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Going all in on full rig is a super exciting prospect, but it looks a bit like you're putting the cart (...rig) before the horse.  1620 (or nearly 3K USD) is a huge amount to spend on rig before selecting your camera -- and though Lanparte makes some quality stuff, you'd do best looking at something potentially more purpose-built for the camera you choose than an 'everything-and-the-kitchen-sink' package.  Plenty of other vendors make purpose built rigs for various DSLRS/Cams, or, check out places like smallrig.com for a huge array of single bits for assembling your own rig (I spent a bunch on a Movcam FS700 rig -- which is super often, and is great -- but went with mostly Smallrig parts for my BMPCC and it works just as well).  Not to dissuade you from getting the Lanparte, but, you might consider kicking some of the budget over to the camera itself, lenses, or audio -- or build it up as needed (a monstrous rig can be a real pain for some shoots).

 

If you're intent on a DSLR up to about 3k USD, it seems, at this point, either an A7S or GH4 is really what you want (low light, or 4K on-board).  The E-mount coupled with APS-C mode on the A7S plus the MFT on the GH4 allow a huge array of lenses, so you could still stick with all EF-Mount Rokinons for either cam, if you so chose (and I believe all the Rokinons in that package are Full-Frame, so you could go with a simple EF to E-Mount on the A7S, no Speedbooster necessary).  The A7S is full frame, and the GH4, with the right glass, can still give you a nice shallow depth of field -- or a wide one, if you need it.  The A7S paired up with a Shogun down the road might make for a really formidable 4K package.

 

Also, be careful on using solely a full Rokinon prime set -- not all of them as well regarded as others.  I own the 35, 85, and 8 Cine lenses, and though they're pretty great value for the money, I don't tend to use them terribly often unless I need heavy depth of field or super low light shooting (in which case, they have been extremely useful) and virtually never if I'm running and gunning.  Since it sounds like you'll be shooting a fair bit of 'mobile' projects, you'd do well to consider nabbing something like the Canon 24-105 or Tamron 24-70 (both with IS) for flexibility.  With a slight bit of grading, the Rokinons mix fine with either the Canon 24-105 or Tamron 24-70.  Whatever you do, if you stick with a DSLR -- get some good ND filters for your lenses. Absolutely critical for shallow depth of field.  A good variable ND (ex: Heliopan) that fits your largest lens can do the job, with step up rings for your smaller lenses

 

Stick with Zoom and pair up an H6 (or an H5 if you only need two XLR inputs) with either of the above DLSRs for mobile XLR input, plus the added benefit of a handheld recorder when needed (or get the GH4's YAGH unit if you run with an external battery rig), and, as mentioned, you'll probably want to invest in some lavs if you're a one-man band.  As mentioned, DON'T rely on a single cam mounted shotgun mic -- that can work totally fine for ambient noise, but is a recipe for disaster if it's your only source for dialogue (I've been shooting a short mobile interview series as a one-man-band, and found an NTG-3 cam mounted for ambient noise, plus a Sennheiser MD46 handheld mic w/ Evo wireless works great).

 

Finally, if you think you'll be running around shooting more doc-style work than 'studio-style' films, you might consider a C100 paired up with a Ninja Star or Ninja Blade.  Though on the aging side, the C100 is still a fine bet for doc style work (and matched with an external recorded, virtually as good as the venerable C300).  Having on-board ND and XLR inputs is super useful on my FS700.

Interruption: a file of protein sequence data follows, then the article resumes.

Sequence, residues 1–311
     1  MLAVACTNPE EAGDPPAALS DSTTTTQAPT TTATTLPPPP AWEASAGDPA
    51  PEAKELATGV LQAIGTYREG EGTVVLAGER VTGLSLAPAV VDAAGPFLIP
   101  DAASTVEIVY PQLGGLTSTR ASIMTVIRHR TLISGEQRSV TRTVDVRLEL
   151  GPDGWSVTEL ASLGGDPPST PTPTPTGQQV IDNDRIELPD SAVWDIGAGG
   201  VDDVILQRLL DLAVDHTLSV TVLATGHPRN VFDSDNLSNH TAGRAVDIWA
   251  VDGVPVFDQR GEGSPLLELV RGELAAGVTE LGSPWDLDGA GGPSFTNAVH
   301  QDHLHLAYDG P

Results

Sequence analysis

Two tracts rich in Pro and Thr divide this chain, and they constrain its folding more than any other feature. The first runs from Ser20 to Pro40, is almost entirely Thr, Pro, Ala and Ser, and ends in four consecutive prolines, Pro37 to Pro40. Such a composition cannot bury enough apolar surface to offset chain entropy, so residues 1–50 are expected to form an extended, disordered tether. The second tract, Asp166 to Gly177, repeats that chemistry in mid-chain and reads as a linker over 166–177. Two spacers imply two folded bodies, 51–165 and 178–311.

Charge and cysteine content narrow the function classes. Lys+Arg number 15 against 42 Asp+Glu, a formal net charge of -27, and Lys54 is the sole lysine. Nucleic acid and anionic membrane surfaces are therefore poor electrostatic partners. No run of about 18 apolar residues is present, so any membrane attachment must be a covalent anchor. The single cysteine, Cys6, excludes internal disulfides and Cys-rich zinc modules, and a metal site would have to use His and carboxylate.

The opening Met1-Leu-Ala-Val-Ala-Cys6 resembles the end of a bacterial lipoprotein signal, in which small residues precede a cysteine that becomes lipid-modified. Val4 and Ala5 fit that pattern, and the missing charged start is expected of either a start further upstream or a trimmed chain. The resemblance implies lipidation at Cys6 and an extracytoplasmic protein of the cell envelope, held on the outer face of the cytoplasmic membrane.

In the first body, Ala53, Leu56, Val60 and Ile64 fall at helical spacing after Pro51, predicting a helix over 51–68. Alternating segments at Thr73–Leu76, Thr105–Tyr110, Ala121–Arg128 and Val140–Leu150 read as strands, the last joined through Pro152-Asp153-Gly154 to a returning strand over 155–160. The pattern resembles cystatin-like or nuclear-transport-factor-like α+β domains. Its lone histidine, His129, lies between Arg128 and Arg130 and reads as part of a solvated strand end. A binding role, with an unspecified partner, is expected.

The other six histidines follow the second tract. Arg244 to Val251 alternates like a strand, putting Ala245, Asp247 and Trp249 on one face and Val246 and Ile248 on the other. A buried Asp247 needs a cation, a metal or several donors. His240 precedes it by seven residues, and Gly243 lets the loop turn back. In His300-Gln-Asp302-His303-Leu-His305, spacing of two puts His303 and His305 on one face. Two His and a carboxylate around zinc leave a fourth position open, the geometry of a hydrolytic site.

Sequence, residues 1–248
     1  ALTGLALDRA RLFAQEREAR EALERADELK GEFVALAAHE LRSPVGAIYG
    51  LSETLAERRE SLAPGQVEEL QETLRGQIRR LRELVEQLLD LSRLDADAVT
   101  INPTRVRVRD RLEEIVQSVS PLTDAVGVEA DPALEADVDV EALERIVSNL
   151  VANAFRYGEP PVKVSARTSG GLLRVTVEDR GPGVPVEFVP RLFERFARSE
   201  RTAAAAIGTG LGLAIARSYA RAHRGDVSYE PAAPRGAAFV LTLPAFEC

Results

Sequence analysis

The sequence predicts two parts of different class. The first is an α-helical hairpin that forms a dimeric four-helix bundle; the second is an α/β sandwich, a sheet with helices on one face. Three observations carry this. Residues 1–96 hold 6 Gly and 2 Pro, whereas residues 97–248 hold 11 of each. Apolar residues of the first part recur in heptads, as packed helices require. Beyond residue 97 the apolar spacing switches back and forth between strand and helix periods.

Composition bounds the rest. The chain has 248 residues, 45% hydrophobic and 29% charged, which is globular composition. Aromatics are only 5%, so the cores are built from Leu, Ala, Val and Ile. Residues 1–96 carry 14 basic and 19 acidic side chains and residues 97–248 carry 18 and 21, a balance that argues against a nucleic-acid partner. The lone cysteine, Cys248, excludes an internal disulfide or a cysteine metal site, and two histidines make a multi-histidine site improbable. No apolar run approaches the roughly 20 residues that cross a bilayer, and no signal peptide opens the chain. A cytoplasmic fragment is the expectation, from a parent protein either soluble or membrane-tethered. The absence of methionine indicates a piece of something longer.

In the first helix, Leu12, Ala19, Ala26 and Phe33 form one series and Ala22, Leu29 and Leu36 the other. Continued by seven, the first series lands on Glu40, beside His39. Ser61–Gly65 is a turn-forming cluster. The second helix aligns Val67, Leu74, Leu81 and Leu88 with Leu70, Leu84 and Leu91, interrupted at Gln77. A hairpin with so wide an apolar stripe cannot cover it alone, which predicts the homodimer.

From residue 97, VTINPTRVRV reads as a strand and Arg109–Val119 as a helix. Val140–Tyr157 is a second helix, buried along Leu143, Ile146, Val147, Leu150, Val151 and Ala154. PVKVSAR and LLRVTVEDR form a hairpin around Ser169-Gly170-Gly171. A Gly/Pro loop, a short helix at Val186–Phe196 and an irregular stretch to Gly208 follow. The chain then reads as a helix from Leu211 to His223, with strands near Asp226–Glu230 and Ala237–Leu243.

Also, get a light.  A small, decent quality light you can toss on your camera can make a huge difference for run and gun shooting.

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No


I do understand the need for advanced rigs when doing production like scripted drama, but for other stuff I'm a monopod/tripod-run-and-gun type of guy. Just don't like the cages with a bunch of stuff on it.

I like shooting from weird angles and wedging cameras into corners. Unencumbered works well for that.
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Hey guys, 

 

Firstly, thankyou so much for the advice!

 

There's a lot to take in, so I'm going to quote and reply best I can:

 

 

Audio is ideally not dealt with as a "whack it on the rig" solution. A firmware hack won't change physics and the fact of the matter is a mic placed on top of your camera will very rarely be close enough to pick up good sound. "Good" meaning crisp, clear, deep, isolated sound. Might be good to have a mic on your rig as a backup or in situations where there is truly no time, but it's best to avoid relying on such a setup.

 

It looks like you're going to be spending quite a bit of money on your camera + rig, so don't skimp on audio. Yes, you can get 'usable' audio for cheap, but just keep in mind the fact that poor audio quality will ruin a film (or whatever you're creating) easier than poor video quality.

 

Yeah it's not exactly what I want, I've done a lot of sound work for projects using booms and external recorders, I just wondered if there was something decent to "whack on the rig".

 

The rig isn't THAT important to me, most things I've shot have been entirely hand-held anyway, but I've had a lot o advice from film makers that I've worked with/friends with, that eventually, something may come up where you wish you had a rig of some kind. Through my research (not that I'm that great at research aha), the one I posted seems to be a whole package, so for me, that just seems easier with my limited knowledge.

 

 

 

 

I guess the cheapest decent full frame set-up would probably be a Sony a6000 with an E-mount Speed Booster. 

 

Then it would probably be a used A7 (not "S" or "R").

 

The A7S sounds like the best camera for you though IMO.

 

I've never actually even looked at any other brand other than Canon! This is mostly because I've only ever worked with Canon cameras, but I will defo do some research into this! Thankyou very much =D